Bill Laggner interview: Greece, GS, derivatives, etc.

Eric King always does a good interview, and Bill Laggner is a hedge fund manager (Bearing Fund, LP) who has been on top of the credit bubble and bust. He comes at things from an Austrian perspective.

Listen here.

Some take-aways:

- People of wealth around the world have lost faith in their respective governments.

- There is a limit to government borrowing, but establishment economists and politicians are very complacent right up to the end.

- Goldman’s swap transactions on Greek debt.

- Good luck getting Greece to go from 14% deficit to 3%. ┬áMathematically impossible — Greece must default like Argentina did in 2001. They’ll probably leave Eurozone, and this may be best for each of them.

- Portugal, Ireland and Spain face the same issue. Spreads blowing out. Puts heavy pressure on European banks.

- Politicians and talking heads are saying sovereign debt issue is contained, just like they said sub-prime was contained.

- European banks are at least as levered as US banks were two years ago.

- We’re at a juncture where we can print and delay or default and get it over with.

- Some countries may realize they are better off defaulting than taking IMF money and being slaves.

- GS people have been hired by Greek government to advise on bailout.

- Monetary elites like GS face a risk of the structured finance business, their bread and butter, disappearing.

- GS and others don’t produce capital. They speculate and then siphon money from taxpayers when they lose.

- Goldman’s proprietary trading book is highly lucrative, much more so than most other investment banks’. They make money over 90% of the time – how is that possible if it’s all honest?

- Goldman was a credit facility for New Century, one of the worst loan originators in sub-prime. We’ll find out more about their roll in helping build a market for junk mortgages. Possible exposure of fraudulent practices.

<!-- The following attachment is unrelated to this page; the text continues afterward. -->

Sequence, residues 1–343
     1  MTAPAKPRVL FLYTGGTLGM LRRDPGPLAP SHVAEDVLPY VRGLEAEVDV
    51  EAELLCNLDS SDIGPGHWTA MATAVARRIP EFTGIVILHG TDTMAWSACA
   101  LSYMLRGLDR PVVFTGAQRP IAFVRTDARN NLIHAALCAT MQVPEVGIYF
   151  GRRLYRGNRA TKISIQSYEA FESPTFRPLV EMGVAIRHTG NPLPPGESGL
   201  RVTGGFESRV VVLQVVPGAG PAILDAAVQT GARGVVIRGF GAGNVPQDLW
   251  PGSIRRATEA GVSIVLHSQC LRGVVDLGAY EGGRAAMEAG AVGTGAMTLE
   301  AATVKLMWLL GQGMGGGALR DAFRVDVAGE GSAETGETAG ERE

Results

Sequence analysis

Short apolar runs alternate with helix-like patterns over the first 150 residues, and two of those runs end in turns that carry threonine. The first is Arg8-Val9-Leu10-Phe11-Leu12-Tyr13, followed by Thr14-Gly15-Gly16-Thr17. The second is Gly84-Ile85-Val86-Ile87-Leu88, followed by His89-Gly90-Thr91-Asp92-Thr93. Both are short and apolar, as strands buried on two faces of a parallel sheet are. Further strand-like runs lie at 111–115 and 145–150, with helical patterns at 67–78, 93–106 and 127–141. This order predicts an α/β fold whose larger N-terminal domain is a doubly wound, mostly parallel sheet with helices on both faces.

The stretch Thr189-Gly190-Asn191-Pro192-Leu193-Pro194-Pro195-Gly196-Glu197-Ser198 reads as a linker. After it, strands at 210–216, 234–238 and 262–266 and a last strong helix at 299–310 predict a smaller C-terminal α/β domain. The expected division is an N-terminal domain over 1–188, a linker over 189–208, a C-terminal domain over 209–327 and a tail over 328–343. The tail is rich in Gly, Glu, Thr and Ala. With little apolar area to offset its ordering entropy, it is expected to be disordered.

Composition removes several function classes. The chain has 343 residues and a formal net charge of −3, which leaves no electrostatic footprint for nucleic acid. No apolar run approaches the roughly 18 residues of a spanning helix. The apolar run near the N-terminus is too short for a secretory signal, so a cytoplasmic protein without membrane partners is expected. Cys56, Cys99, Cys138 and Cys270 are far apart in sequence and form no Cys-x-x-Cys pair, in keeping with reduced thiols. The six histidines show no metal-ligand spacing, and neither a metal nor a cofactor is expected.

- Goldman sold a lot of this mortgage paper on leverage — they provided loans to funds to let them go levered long CDOs.

- Civil litigation will open up Pandora’s Box. Where there illegal activities within Goldman? Possible reputational risk. If they survive, they’ll be a shell of their former self.

- US has the same problems as Europe. US cities and states are just as bankrupt as Greece.

- Local politicians are corrupt and clueless and bankers took advantage of them, as in Jefferson County Alabama.

- Criminal proceedings in Italy against Deutsche Bank should provide insight into possible bribery and fraud related to derivative transactions.

- Expect litigation related to US city and state derivative transactions, as in Jefferson County Alabama.

- Expect increased outrage towards bankers.

- No transparency in US financial system.

- As states and cities go bankrupt, expect them to default on derivative transactions and enter litigation.

- (My own note: what about government employee unions? If you’re looking for an explanation for municipal and state bankruptcies, look there first.)

- US financial reform bill doesn’t solve anything. Still have the moral hazard of too-big-to-fail.

- Geithner is walking moral hazard.

- Amazing rally in risk assets over the last 14 months. Complete about-face in sentiment. New low in bearishness.

- Bill and partner Kevin Duffy are two of the few remaining bears left on the planet.

- VIX is ticking back up, Fed has ended a key lending program, sentiment is too extreme, leading economic indicators are rolling over. Stimulus will wear off like any drug, and there has been nothing done to sustain economy.

- If central banks hit the accelerators on their printing presses to bail out bankrupt governments we could enter a hyperinflationary mode. If we go the route of default, that could be avoided (deflation).

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2 thoughts on “Bill Laggner interview: Greece, GS, derivatives, etc.

  1. Looks like the ECB is going to start QE or something similar with PIIGS debt (don’t know what else you would call agreeing to take Greek bonds at face value even though there is no hope of Greece ever paying them off). It’s going to all blow up at some point but I’ve been amazed at how long they have kept it up so far. I don’t think this can go on for too much longer but I’ve been way wrong in the past so who knows?

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